In all honesty, I’m a person who enjoys making people feel genuinely good about themselves and their successes regarding their hard work, effort, skill sets, grit, personality, and other natural talents that they bring to the table. I’m like a cheerleader—whether you made that touchdown, got that job promotion you’ve always wanted, won that highly-acclaimed award you’ve always striven for, or landed the job you’ve always been passionate about, my excitement radiates for you. When I see other people succeed, it makes me happy for them, because it shows that they have worked hard throughout the process of their achievement and was willing to overcome the rejections/failures that they knew they would be at risk for. I believe that hard work deserves to be noticed whether you say you like it or not, but I’m not a supporter of “sucking-up” either.

Through personal leadership experiences, I know that genuine positive reinforcement and praise works better than punishment, because dopamine, which is a released in the brain any time we hear something we like, is a powerful chemical.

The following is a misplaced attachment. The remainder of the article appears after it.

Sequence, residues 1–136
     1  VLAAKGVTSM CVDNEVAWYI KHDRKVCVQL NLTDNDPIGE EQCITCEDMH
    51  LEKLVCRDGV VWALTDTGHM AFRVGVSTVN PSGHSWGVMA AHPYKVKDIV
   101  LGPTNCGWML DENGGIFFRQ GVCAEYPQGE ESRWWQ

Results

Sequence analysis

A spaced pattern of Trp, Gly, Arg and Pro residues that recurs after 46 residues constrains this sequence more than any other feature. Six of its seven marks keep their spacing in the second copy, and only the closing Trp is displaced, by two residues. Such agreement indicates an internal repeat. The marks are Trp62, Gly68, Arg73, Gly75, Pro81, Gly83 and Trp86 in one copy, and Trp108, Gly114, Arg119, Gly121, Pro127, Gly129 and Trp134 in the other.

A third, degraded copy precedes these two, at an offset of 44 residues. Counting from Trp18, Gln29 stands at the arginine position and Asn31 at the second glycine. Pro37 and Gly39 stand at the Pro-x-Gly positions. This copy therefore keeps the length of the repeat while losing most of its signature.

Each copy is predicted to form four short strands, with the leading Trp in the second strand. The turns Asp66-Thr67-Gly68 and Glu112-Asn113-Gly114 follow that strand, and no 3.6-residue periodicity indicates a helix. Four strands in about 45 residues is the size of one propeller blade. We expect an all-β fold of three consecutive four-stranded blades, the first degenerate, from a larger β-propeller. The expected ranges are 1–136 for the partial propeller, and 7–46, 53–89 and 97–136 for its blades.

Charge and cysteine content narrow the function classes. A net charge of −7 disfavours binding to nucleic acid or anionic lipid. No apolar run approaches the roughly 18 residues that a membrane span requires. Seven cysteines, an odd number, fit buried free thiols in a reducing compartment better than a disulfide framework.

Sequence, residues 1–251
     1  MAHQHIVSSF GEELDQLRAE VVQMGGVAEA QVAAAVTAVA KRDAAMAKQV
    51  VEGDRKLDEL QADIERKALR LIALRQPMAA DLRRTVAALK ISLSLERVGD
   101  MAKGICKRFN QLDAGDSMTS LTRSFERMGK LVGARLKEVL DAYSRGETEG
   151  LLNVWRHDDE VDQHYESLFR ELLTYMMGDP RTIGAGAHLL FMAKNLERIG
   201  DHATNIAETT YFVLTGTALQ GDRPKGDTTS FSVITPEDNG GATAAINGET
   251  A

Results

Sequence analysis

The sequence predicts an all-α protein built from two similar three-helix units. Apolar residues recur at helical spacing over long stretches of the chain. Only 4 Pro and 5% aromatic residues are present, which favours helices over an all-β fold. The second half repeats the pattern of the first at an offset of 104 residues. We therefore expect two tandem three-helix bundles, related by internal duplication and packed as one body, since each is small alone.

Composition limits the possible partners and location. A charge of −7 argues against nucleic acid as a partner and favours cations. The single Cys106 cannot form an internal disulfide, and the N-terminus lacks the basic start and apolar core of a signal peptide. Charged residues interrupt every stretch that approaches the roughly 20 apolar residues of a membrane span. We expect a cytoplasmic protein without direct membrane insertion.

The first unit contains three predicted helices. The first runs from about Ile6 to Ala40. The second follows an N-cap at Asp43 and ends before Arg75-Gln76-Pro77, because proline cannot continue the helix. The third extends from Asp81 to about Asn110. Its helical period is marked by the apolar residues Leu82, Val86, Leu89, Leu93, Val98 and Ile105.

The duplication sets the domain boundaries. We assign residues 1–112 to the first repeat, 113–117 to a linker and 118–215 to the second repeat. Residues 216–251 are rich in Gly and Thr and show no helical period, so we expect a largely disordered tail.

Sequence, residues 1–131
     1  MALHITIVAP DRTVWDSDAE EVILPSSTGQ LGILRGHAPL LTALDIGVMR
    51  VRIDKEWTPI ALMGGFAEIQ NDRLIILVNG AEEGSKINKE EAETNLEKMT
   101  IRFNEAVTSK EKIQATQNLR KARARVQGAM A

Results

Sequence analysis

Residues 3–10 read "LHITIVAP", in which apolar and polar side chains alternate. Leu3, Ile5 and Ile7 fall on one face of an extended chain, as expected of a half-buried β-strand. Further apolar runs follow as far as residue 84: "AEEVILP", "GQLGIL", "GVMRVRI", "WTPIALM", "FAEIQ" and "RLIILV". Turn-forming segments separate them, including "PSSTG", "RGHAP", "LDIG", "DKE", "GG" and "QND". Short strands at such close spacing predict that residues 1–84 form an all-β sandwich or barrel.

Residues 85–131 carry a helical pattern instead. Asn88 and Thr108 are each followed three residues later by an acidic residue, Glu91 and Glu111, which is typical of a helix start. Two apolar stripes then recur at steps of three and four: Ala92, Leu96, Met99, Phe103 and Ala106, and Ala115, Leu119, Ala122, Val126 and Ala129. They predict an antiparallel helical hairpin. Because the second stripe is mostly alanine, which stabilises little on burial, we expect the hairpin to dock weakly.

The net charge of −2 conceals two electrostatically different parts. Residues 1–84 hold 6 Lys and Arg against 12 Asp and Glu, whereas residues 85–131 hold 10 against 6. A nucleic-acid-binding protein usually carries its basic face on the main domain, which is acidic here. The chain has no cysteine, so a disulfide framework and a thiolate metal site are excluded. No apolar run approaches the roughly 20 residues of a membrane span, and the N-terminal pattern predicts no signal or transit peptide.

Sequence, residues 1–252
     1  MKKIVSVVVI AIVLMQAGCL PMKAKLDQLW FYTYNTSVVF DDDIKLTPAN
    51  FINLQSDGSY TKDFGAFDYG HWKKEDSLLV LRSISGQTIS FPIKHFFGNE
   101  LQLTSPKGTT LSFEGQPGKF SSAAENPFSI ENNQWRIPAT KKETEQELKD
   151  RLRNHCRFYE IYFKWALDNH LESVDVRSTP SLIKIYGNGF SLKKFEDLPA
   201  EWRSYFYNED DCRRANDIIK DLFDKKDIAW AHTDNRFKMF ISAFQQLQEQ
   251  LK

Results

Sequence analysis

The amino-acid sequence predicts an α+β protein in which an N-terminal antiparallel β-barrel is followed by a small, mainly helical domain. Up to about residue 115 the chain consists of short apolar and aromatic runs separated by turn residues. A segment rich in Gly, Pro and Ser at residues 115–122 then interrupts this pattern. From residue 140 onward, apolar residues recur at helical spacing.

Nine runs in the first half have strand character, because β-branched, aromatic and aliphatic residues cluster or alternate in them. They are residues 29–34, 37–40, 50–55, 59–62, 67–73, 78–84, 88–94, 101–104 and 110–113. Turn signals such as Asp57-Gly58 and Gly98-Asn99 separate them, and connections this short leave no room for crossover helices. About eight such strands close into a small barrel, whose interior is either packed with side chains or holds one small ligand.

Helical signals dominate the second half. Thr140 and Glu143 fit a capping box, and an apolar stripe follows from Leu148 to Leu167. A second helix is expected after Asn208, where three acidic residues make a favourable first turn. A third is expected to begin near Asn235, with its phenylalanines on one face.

According to a speaker and motivation expert, Chester Elton, he says, “the number one driver of employee engagement is opportunity and well-being. The number one driver of opportunity and well-being is recognition and appreciation.”

Let me stress though, that we shouldn’t be striving for success with the primary purpose of recognition, fame, and compliments. We should strive for success, because it’s simply the “right” thing to do for ourselves and the community. However, if we praise each other at the right time and place for a genuine reason, it’s truly amazing how we can lift and motivate each other together as a team.

Meili West currently serves as a Organizational Development Specialist for SOS Leadership. She is a student at St. Edward’s University where she will graduate in December.

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